I learned a lot about power through my “classical” Dominatrix training. Unfortunately, a lot of it was through watching how power was misused. I trained at a ‘world renowned, old-guard, classical BDSM training chateau’. The kind that respects protocol, leather history, and hierarchies. The kind that isolates itself from other BDSM communities, the kind of place that calls itself “the best” without meaningfully engaging in other things.
I found a formalized BDSM structure and community before I even knew what BDSM stood for. It quite literally fell into my lap and gave me language for my interest in power play. Despite the ambivalence I now hold towards my old-guard BDSM upbringing, there is a reason I was drawn to it. I get a certain sexual satisfaction on structure and rules, primarily on making them. The ability to create a world that serves you and your needs is a powerful skill to hone, and an incredibly dangerous weapon if you aren’t open to accountability when your methods harm others.
“Old-Guard” BDSM of the 1950’s takes its strict protocol and aesthetics from formalized military code and biker culture. “New-Guard” BDSM evolved out of the many social and cultural changes leading into the 1980’s. But, as with most things, it isn’t really a simple binary. Most kinksters pull from kink history and from their personal history to create something that works for them, and for many others, not a lot of thoughtfulness goes into it at all.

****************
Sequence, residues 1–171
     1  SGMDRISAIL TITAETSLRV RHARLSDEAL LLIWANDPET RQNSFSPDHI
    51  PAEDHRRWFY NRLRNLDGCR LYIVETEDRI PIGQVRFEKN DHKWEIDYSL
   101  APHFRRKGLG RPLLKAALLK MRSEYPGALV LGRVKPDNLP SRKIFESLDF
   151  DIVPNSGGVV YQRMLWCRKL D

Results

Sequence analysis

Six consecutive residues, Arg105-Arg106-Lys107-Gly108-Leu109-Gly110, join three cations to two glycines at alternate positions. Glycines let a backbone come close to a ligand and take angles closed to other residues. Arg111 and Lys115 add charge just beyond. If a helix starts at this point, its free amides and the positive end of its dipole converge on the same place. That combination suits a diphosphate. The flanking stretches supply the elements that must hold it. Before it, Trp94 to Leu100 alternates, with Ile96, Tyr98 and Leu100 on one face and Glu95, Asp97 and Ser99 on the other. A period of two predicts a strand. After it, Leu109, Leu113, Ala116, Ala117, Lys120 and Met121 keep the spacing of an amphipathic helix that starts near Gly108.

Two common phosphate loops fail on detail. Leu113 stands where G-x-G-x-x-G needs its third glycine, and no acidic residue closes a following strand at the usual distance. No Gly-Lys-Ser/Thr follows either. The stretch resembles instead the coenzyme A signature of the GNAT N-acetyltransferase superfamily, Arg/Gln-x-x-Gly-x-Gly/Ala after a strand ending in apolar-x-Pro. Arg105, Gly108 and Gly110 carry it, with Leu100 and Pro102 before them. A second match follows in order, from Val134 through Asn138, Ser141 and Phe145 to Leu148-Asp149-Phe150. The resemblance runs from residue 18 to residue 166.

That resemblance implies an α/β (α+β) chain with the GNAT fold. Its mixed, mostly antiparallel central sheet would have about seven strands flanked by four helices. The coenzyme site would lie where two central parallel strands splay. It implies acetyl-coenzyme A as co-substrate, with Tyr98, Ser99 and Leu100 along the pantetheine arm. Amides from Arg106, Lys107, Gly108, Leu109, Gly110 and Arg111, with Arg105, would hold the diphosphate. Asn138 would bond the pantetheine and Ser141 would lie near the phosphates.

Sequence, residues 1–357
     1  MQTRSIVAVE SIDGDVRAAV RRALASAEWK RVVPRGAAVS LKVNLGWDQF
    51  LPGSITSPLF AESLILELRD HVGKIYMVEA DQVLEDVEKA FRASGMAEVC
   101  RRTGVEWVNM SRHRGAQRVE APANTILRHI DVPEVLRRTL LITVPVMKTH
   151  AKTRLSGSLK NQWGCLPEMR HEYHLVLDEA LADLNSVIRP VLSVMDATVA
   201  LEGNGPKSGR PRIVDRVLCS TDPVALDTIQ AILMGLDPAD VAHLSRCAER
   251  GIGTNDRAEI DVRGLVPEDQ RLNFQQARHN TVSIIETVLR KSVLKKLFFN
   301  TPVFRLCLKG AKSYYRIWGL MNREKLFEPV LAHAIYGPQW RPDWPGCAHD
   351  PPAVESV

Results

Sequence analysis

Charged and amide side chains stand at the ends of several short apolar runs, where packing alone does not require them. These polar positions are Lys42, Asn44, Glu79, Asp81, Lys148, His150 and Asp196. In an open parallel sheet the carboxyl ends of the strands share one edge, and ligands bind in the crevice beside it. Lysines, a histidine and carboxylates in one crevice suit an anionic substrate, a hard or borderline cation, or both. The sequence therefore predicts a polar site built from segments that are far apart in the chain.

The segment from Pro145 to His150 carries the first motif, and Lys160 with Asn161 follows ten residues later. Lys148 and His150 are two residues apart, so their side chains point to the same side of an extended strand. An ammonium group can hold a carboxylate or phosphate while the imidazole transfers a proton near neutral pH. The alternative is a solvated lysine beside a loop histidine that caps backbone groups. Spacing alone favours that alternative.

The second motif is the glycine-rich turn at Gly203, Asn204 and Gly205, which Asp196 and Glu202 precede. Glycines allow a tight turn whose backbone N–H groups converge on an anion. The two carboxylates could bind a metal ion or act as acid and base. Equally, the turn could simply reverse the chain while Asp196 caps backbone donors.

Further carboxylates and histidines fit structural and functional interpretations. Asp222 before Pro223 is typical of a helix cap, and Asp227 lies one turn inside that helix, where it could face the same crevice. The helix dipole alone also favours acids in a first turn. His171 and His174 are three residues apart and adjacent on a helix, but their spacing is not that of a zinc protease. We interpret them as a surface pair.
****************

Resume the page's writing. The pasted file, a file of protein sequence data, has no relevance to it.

I recently saw a tweet by Mistrix Sade which said, “I am decidedly NOT a ‘classical’ Dominatrix. And proud of that. I am an experimental one: a modern, de-constructivist sensory artist, and power exchange practitioner. Question everything, especially the ‘old school.’” I, for one, love the idea of an experimental dominatrix, the idea that we are always growing. That we are not infallible. The last few years, I’ve been thinking of my play as that of a curious scientist. Collecting data. Doing experiments. And learning.
Kink doesn’t have to look a particular way or adhere to certain structures or language. To me, kink should be expansive. It is about exploration, connection, and finding attunement with a partner. A good scene comes from engagement, communication, and a flow of energy between the top and the bottom. A good scene comes from knowing yourself and your desires and taking the time to find a partner who has similar interests. A good scene is an act of co-creation, where both the top and the bottom are engaged, empowered to share their needs and desires, and ultimately enjoying themselves.read more